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This blog is expressly directed to readers who do not have strong training or backgrounds in science, with the intent of helping them grasp the underpinnings of this important issue. I'm going to present an ongoing series of posts that will develop various aspects of the science of global warming, its causes and possible methods for minimizing its advance and overcoming at least partially its detrimental effects.

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Wednesday, December 18, 2019

“U.N. Climate Talks End With Few Commitments and a ‘Lost’ Opportunity”

“U.N. Climate Talks End With Few Commitments and a ‘Lost’ Opportunity” is the heading in the New York Times, December 15, 2019, reporting on the largely failed conclusion to the annual UN climate conference held in Madrid, Spain.  Recent annual meetings are follow-ups to the conference in Paris four years earlier, which produced the 2015 Paris Agreement on reducing greenhouse gas (GHG) emissions.  It was agreed to by the almost 200 member nations of the UN, and has the goal of keeping the increase in the long-term global average temperature below 2°C (3.6°F) above the pre-industrial temperature.  It also included the hope that the limit could be more stringent, keeping the increase below 1.5°C.

The Agreement is intended to minimize further global warming and the resulting harms to the world’s climate.  Warming arises because the growth in the world’s economies in the last 1½-2 centuries has relied largely on energy derived by burning carbon-containing fuels (fossil fuels: coal, petroleum and natural gas) that release carbon dioxide (CO2; a GHG) when burned.  The added CO2 accumulates in the atmosphere and remains there for centuries, producing increased temperatures by an atmospheric greenhouse effect.  China’s dramatic economic growth over the past 3 decades, for example, closely parallels its growth in use of fossil fuels and other energy sources.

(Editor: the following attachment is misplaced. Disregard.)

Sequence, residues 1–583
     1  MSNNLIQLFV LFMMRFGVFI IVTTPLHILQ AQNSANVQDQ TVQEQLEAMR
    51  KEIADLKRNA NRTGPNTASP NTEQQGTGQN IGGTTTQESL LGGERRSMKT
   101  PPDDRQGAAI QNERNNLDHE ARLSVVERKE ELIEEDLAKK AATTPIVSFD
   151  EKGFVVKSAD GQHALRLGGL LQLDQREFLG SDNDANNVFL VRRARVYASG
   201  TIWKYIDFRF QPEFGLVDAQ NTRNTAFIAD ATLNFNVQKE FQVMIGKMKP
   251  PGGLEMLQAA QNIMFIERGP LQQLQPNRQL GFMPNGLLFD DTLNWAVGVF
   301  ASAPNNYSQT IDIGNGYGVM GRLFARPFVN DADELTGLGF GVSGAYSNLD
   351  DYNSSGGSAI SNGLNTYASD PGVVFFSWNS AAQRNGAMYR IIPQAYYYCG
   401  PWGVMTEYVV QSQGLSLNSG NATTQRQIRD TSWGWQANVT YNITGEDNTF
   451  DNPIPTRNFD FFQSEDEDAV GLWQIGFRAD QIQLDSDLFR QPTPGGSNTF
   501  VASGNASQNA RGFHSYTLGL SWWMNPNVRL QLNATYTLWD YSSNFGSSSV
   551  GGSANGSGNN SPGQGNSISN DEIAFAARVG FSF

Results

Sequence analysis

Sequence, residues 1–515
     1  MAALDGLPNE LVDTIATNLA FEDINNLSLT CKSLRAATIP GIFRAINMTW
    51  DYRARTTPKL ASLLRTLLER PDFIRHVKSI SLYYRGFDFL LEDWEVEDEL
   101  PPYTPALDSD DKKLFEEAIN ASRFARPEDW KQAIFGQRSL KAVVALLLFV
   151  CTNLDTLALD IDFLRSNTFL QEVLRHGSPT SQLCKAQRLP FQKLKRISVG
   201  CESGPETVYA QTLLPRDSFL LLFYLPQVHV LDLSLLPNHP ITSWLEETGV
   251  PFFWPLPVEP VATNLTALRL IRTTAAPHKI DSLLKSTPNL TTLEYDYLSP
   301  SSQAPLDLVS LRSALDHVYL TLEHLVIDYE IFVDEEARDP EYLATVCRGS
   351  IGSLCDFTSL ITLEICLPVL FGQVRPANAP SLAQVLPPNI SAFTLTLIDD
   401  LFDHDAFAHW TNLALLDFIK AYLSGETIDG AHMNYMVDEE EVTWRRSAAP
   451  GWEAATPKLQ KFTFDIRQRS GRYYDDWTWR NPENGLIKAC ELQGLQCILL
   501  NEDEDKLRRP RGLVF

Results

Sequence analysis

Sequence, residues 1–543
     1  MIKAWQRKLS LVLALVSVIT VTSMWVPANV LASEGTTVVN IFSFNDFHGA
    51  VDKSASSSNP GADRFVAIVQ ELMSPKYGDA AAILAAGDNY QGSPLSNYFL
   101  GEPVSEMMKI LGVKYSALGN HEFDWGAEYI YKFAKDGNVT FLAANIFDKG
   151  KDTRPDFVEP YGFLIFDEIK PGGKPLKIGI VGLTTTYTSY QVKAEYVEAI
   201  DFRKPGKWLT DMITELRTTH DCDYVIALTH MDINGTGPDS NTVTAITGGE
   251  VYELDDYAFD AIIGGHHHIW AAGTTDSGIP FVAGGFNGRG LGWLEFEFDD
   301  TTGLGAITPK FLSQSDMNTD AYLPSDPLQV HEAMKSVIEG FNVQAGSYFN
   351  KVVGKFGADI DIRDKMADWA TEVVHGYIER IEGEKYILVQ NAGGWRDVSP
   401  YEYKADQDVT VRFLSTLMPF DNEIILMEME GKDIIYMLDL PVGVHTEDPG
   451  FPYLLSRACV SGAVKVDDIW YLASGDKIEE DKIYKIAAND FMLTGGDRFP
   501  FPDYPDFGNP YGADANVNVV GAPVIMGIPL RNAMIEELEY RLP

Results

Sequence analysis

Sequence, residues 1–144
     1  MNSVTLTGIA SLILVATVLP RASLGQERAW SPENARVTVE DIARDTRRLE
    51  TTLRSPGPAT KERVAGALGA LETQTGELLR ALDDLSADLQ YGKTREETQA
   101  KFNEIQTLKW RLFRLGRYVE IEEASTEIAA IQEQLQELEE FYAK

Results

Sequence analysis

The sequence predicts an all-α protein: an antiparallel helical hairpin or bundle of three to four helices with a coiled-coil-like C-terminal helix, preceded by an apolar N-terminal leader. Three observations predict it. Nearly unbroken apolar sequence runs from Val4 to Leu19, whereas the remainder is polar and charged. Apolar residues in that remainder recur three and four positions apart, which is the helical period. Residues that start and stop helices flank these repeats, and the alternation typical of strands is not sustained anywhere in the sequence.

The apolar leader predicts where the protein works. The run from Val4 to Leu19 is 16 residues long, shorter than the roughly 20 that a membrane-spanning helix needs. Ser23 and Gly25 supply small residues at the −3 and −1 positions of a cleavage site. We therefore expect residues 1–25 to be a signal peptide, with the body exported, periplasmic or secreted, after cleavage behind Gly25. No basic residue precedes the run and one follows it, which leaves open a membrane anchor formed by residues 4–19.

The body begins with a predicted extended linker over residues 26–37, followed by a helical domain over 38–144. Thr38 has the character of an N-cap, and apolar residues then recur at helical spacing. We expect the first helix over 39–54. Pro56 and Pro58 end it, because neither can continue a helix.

The nations of the UN signed on to the Paris Agreement because, in contrast to the earlier Kyoto Protocol, each nation’s contribution to reducing emissions is voluntary.  Analysis of those contributions at the time (Fawcett and coworkers, 2015) already showed, however, that they were inadequate to produce the GHG reductions needed to stay within the 2°C limit.
One objective at the Madrid 2019 gathering was for the nations to generate more ambitious goals to reduce GHG emission rates that would lead to compliance with the Paris Agreement limit.  Recently the U. S. under President Trump has stated its intention to withdraw entirely from the Agreement, to take effect just before the next meeting in 2020.  As the New York Times reports, for this reason “…it was the last chance, at least for some time, for [America to negotiate] — and perhaps a turning point in global climate negotiations, given the influence that Washington has long wielded…in the discussions.” 
But the U. S. was not alone in hindering progress. Helen Mountford, a vice president at World Resources Institute, said “[m]ost of the large emitters were missing in action or obstructive.”  Nations with significant rates of GHG emissions, including China and India, “balked at suggestions of more ambitious climate targets next year.”